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Posts Tagged ‘Chile

Chile today, hot tamale!…

 

In 2007, the Naga Bhut Joloki or “Ghost chile” was named the hottest pepper on earth. Then in 2010 the Naga Viper stole the title. And in 2012 the Trinidad Scorpion Moruga Blend moved into the lead. And for good reason.

The Scorpion ranks at round 2 million heat units on the Scoville scale. (For comparison, tabasco sauce has 2,500–5,000 Scoville heat units or SHU.) What exactly does that mean? When the scale was invented in 1912 by pharmacist Wilbur Scoville in search of a heat-producing ointment, it was based on human taste buds. The idea was to dilute an alcohol-based extract made with the given pepper until it no longer tasted hot to a group of taste testers. The degree of dilution translates to the SHU. In other words, according to the Scoville scale, you would need as many as 5,000 cups of water to dilute 1 cup of tobacco sauce enough to no longer taste the heat.

And while the Scoville scale is still widely used, says Dr. Paul Bosland, professor of horticulture at New Mexico State University and author or several books on chile peppers, it no longer relies on the fallible human taste bud…

For the reason “Ghost chile” is so named– and for more about the valiant folks who ponder peppers for our protection, the techniques they use, and links to the Chile Pepper Institute (at New Mexico State University), where readers can acquire a nifty chile tasting wheel— see “How Hot is That Pepper? Unpacking the Scoville Scale.”

[photo: “WhisperToMe“]

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As we remind ourselves that water doesn’t quell the heat, it spreads it, we might recall that it was on this date in 1556 that the deadliest earthquake in history (and the third deadliest natural disaster in history) occurred in Shaanxi Province, China; it killed an estimated 830,000 people.  Modern estimates, based on geological data, give the earthquake a magnitude of approximately 7.9-8 on the moment magnitude scale (the successor to the Richter scale).  Its epicenter was in the Wei River Valley, near the cities of Huaxian, Weinan and Huayin.  In Huaxian, every single building and home was demolished, killing more than half the residents of the city.

 source

 

 

Written by LW

January 23, 2013 at 1:01 am

It’s later than you think…

source

The earthquake that killed more than 700 people in Chile on Feb. 27 probably shifted the Earth’s axis and shortened the day, a National Aeronautics and Space Administration scientist said.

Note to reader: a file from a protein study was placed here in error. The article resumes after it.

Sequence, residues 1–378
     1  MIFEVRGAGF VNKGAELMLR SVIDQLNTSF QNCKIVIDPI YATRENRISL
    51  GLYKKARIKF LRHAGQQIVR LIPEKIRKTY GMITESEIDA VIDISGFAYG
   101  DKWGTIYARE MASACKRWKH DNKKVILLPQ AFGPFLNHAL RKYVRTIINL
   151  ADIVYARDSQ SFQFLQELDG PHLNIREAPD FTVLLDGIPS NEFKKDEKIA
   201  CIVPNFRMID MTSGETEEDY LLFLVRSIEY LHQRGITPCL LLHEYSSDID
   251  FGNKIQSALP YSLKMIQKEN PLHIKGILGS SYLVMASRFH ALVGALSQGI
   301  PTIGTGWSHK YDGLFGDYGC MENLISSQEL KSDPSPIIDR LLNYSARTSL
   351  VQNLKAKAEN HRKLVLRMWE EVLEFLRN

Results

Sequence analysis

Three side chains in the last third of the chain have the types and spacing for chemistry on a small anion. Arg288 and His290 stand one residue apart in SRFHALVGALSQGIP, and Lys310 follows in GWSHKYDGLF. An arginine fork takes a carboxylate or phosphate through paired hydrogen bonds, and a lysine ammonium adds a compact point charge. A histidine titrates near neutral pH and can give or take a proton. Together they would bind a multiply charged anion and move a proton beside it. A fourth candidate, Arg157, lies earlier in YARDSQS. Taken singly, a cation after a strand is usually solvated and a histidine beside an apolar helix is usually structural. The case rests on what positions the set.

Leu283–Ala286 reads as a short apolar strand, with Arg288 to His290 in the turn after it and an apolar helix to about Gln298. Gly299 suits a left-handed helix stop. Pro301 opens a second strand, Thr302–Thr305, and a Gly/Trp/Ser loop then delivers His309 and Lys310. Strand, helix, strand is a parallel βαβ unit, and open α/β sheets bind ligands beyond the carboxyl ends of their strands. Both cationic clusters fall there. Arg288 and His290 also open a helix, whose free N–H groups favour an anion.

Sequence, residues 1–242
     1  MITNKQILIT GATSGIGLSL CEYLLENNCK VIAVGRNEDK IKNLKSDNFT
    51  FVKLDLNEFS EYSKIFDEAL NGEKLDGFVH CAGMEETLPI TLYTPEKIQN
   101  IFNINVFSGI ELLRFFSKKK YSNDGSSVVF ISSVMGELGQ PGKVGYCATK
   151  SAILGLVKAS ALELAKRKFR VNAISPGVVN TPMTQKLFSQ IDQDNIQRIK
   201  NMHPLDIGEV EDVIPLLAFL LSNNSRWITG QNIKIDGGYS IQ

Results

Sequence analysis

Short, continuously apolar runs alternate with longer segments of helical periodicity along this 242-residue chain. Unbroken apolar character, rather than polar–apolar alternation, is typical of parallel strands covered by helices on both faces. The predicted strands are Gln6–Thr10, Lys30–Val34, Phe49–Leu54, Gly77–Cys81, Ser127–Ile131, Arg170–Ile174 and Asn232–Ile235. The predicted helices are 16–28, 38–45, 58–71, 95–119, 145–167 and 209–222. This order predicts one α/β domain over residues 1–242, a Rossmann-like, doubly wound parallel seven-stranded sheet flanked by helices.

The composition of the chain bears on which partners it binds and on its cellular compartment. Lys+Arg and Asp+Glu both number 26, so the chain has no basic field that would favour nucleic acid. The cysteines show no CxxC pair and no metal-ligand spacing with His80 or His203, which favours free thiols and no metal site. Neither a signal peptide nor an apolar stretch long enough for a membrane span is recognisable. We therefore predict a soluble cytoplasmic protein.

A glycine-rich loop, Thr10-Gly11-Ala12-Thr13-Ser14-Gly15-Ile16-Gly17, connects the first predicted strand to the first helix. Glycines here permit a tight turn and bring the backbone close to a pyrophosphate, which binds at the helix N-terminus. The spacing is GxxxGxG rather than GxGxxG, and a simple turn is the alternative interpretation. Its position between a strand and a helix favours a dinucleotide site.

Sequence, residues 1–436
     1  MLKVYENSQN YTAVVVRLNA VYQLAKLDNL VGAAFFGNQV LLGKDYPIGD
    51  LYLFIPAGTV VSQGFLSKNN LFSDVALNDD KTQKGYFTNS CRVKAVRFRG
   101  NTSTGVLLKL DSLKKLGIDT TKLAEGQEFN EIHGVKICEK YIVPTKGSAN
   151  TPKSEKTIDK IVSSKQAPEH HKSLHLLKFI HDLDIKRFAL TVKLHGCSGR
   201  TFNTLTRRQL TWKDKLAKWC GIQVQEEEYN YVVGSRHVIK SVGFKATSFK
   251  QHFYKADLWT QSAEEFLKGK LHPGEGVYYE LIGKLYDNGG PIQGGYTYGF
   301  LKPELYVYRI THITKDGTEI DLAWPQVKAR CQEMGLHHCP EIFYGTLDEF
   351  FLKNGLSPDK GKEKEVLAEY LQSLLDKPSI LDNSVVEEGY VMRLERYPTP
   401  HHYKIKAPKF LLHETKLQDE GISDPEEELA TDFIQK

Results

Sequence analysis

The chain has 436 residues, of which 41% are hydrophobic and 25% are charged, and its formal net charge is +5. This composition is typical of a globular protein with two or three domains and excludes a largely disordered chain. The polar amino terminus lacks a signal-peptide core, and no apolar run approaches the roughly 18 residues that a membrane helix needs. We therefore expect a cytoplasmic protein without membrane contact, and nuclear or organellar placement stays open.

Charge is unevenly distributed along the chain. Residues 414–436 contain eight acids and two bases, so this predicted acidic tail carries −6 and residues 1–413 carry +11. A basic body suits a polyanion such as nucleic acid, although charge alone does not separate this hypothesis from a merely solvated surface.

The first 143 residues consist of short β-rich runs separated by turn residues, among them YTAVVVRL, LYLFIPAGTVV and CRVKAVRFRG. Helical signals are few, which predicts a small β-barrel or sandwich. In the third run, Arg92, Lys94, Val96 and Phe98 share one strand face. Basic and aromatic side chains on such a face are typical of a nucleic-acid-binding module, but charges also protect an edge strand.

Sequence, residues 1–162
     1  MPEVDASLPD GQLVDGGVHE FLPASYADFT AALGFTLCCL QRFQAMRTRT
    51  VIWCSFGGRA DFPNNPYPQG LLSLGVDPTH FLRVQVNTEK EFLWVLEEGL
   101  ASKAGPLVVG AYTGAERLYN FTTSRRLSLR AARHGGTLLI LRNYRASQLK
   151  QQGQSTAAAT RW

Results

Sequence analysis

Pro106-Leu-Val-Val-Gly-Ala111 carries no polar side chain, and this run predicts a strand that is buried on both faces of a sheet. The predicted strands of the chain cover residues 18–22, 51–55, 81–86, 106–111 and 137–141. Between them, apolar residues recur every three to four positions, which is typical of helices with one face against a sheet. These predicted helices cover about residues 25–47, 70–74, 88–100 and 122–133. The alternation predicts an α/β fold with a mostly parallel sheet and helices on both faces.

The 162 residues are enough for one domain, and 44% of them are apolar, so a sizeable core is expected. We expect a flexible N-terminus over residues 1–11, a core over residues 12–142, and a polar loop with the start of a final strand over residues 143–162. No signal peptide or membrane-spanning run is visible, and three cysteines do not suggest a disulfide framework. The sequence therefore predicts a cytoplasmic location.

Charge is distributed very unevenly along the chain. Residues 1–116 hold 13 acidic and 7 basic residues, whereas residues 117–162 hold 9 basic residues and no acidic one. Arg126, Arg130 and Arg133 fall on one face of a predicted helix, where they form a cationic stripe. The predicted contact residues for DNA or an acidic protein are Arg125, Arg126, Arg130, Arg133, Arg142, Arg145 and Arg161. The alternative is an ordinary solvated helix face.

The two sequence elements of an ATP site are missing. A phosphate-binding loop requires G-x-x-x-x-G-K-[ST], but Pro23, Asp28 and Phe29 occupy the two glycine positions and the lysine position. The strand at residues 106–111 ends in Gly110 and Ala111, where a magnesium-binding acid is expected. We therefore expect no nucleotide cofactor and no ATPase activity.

Earthquakes can involve shifting hundreds of kilometers of rock by several meters, changing the distribution of mass on the planet. This affects the Earth’s rotation, said Richard Gross, a geophysicist at NASA’s Jet Propulsion Laboratory in Pasadena, California, who uses a computer model to calculate the effects.

“The length of the day should have gotten shorter by 1.26 microseconds (millionths of a second),” Gross, said today in an e-mailed reply to questions. “The axis about which the Earth’s mass is balanced should have moved by 2.7 milliarcseconds (about 8 centimeters or 3 inches).”

“It’s what we call the ice-skater effect,” David Kerridge, head of Earth hazards and systems at the British Geological Survey in Edinburgh, said today in a telephone interview. “As the ice skater puts when she’s going around in a circle, and she pulls her arms in, she gets faster and faster. It’s the same idea with the Earth going around if you change the distribution of mass, the rotation rate changes.”

Read the whole story in this Bloomberg filing reprinted on BusinessWeek.com.

As we re-synchronize our watches, we might recall that it was on this date in 1977 that the rings around Uranus were discovered.  In fact, in 1789 William Herschel had discussed possible rings around the seventh planet.  But it was only 23 years ago that, using the Kuiper Airbourne Observatory, the rings– 13 bands of extremely dark particles, varying in size from micrometers to a fraction of a meter– were definitively observed.

Hubble Space Telescope photo of Uranus, its rings, and its moons

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